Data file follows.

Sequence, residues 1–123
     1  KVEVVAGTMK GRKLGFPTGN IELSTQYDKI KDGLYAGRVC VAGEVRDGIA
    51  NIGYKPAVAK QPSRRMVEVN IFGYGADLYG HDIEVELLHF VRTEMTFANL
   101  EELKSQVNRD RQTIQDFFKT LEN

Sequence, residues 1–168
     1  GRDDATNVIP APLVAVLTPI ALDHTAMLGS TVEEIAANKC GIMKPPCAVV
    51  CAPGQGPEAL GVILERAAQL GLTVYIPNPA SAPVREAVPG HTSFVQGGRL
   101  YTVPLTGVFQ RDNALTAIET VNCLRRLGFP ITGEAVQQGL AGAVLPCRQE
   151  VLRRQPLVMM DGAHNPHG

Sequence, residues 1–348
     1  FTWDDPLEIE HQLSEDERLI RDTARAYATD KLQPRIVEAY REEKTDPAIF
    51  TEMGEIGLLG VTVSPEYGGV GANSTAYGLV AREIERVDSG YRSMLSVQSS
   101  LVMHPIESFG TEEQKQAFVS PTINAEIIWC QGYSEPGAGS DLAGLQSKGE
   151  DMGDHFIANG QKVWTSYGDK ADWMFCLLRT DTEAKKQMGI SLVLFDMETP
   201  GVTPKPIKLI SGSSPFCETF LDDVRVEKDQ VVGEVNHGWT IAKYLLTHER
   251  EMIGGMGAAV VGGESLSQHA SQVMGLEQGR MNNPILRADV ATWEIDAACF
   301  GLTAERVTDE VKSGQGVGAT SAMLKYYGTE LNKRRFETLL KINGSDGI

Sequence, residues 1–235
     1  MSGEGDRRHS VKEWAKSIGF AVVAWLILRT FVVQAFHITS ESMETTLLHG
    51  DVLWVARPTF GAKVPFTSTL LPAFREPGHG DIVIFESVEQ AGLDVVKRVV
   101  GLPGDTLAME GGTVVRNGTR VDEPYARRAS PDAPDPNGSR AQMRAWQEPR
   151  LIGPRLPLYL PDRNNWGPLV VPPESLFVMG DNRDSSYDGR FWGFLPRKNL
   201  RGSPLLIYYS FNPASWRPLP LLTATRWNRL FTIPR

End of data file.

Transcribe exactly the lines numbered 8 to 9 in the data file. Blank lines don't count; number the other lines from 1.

   101  YTVPLTGVFQ RDNALTAIET VNCLRRLGFP ITGEAVQQGL AGAVLPCRQE
   151  VLRRQPLVMM DGAHNPHG